Musings on Matthew

December 16, 2009

On Monday, True North finished going through the book of Matthew on Scripture of the Day. As we began this journey through the first gospel, I was preparing to preach a sermon in which the main idea was “Christianity it all about Christ.” With this thought central of my mind, I longed more than ever to sit at the feet of Christ by reading about his life and found myself hungry each day for another bite of Matthew.

The feast on Matthew may be over now, but the digestion is only beginning. This morning, I wanted to take some time and capture in writing some of my thoughts from the past month of SOTD before they fly away.

Perhaps the main idea that stood out to me from taking a close look at Christ in Scripture was this: reading about Jesus life THEN should strengthen my faith NOW.

Matthew reveals two major responses to Jesus: faith and unbelief. The main personifications of unbelief are the Pharisees–so caught up in their system of works righteousness and spiritual pride that they fail to see the Messiah. The disciples also display flashes of unbelief in moments of doubt, fear, or misunderstanding.

On the other hand, examples of faith appear all over this book, from the Magi who travel the world to see Christ to the little old lady who pushes through the crowd to just touch the edge of Jesus’ robe to Peter when he confidently proclaims Jesus as “the Christ, the Son of the living God.” More than examples, faith is also central to the teaching of Jesus.

So the question I must ask myself after reading through Matthew–which is the same question anyone who encounters Jesus in Scripture must ask–is, “What is my response: unbelief or faith?” Even more precisely, how will my faith be strengthened because of what I have learned about Jesus?

Two specific things stood out to me in response to this question. The first is an increased commitment and fervor to wage the war against sin. Jesus described this fight in the most radical terms (gouging out your eyes and taking up your cross.) Do I view my fight against sin this way? And after seeing Jesus revealed in the Word, am I so enraptured with him that I will gladly sacrifice anything to be with him?

The second proper response is prayer. Jesus makes it clear that faith and prayer go together. Not only should faith drive me to spend more time in prayer, it should affect the way I pray. Faith (as opposed to doubting) describes proper prayer; these kind of prayers will be confident and fervent.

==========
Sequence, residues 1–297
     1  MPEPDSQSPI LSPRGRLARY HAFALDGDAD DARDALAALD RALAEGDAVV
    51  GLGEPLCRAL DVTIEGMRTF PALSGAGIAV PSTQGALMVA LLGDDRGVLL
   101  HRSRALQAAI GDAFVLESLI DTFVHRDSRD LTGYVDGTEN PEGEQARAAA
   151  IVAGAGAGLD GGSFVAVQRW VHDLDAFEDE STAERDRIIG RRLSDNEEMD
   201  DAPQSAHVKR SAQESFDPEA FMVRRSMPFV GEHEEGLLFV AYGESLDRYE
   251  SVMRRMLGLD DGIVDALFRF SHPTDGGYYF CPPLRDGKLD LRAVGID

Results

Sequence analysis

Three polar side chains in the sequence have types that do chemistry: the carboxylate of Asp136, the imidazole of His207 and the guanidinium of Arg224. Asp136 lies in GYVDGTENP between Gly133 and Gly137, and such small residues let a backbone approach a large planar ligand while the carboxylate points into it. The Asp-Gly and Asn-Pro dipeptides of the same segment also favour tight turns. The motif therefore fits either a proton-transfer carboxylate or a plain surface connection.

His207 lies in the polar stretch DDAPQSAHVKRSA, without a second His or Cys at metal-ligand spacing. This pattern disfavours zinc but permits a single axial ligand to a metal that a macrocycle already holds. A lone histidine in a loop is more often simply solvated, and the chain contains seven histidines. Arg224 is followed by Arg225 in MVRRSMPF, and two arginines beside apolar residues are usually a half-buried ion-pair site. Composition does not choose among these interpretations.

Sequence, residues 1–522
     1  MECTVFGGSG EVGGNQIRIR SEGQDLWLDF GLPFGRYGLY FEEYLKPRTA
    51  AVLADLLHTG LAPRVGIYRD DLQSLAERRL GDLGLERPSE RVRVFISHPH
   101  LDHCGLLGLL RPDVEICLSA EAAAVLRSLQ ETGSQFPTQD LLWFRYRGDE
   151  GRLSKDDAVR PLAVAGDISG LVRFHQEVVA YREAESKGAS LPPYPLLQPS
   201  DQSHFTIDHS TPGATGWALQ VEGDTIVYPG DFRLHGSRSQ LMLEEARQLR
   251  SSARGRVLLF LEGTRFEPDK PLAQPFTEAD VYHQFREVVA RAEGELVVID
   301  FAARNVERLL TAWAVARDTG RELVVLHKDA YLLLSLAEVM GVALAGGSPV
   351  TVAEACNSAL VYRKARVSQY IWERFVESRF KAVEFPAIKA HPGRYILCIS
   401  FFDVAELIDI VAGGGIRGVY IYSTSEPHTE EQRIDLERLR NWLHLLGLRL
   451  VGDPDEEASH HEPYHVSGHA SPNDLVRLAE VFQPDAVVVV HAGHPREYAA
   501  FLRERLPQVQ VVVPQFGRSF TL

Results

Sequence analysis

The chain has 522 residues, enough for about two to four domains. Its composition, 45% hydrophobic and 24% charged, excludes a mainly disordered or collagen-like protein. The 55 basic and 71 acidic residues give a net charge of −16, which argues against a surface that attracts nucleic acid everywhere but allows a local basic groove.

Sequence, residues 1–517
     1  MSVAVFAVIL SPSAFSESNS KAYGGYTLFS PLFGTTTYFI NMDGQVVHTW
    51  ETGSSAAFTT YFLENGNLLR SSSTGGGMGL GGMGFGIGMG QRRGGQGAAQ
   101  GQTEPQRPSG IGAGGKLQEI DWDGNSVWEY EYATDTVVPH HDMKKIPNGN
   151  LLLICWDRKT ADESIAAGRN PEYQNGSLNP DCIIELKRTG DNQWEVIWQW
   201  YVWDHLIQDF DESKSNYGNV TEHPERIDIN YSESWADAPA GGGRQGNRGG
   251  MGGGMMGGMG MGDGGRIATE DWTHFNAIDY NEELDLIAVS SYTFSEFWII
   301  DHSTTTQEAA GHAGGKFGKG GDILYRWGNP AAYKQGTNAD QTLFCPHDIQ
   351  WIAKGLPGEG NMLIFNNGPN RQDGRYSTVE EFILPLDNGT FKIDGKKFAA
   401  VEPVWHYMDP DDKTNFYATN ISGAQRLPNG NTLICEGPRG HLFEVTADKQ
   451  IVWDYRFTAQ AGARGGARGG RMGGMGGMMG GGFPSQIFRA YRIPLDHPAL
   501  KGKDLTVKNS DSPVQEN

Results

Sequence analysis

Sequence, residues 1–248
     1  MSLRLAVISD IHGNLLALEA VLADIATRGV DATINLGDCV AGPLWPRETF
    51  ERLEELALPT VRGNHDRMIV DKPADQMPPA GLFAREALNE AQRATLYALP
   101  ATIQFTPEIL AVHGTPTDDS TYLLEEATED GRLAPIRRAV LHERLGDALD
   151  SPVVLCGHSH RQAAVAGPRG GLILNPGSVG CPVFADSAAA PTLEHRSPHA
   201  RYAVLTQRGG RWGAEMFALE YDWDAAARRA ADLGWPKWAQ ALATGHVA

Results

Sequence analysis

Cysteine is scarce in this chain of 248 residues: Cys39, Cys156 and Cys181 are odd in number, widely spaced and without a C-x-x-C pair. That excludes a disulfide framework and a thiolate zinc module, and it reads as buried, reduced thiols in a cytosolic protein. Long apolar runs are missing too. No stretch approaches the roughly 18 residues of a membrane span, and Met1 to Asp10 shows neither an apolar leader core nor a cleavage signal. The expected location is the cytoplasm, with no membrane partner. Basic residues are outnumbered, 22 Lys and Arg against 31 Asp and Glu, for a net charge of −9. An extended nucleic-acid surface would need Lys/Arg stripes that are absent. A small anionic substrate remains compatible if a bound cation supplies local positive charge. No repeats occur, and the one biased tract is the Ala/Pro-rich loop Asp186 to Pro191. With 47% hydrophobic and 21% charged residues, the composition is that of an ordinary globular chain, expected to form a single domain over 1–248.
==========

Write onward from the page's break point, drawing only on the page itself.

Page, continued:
I am grateful for God’s Word and how it reveals God’s Son! Join us as we read through John on Scripture of the Day!

I don’t know how it happens, but whenever I run, I hear music. A steady beat from a piano and synthesized percussion builds into a beautiful melody. Nowhere can I run and avoid this occurrence, but it is heightened when I run at the beach. For the life of me, I cannot figure out who is following me and playing the theme from Chariots of Fire every time I run.

Or maybe it is just playing in my head.

I am sure I am not alone in my experience, because it seems that whenever you see someone running (especially in slow motion) someone will invariably start humming the tune. However, while everyone knows the song, not many know the movie…or the story it tells.

Chariots of Fire tells the story of a group of youth British athletes as they prepare for the 1924 Olympic Games while giving particular attention to two of them: Harold Abrahams and Eric Liddell. After the famous opening scene, we first meet Abrahams, a young Jewish man entering a fine English university with a chip on his shoulder. He sees the whole world as against him, and he is out to win (or as he puts it, “Run them off their feet.”)

In contrast to Abrahams, Eric Liddell is introduced. Instead of being out to prove himself when he runs, Liddell runs because he believes God has given him the ability to do it, and “when runs, he feels God’s pleasure.” Above everything else (including running), he commits himself to his God.

Through the telling of the story of the Olympic games we see two very different men. The desire to win consumes Abrahams. Every loss destroys his confidence and fear racks his mind as he prepares for the final race. On the other hand, Liddell faces a different predicament. When the preliminary heats for the 100 meters are scheduled for a Sunday, Liddell chooses to honor his conviction to not run on the Sabbath. Even when he is placed before the Prince of Wales, he will not compromise.

Both Liddell and Abrahams end up winning gold medals (Abrahams in the 100m; Liddell in the 400m). But contrast appears yet again in victory. Abrahams’ victory seems to be a joyless occasion, and he shuns his teammates for a drunken conversation with his trainer. In Liddell’s victory, we see joy, a reunion with his family, and the satisfaction of knowing that he honored his God.

The movie provides so much more than a powerful melody that runs through my mind, it also encourages me. Worldly success is not the goal of this life; bringing glory to God is. And only when we live our lives for his pleasure will we experience true pleasure ourselves.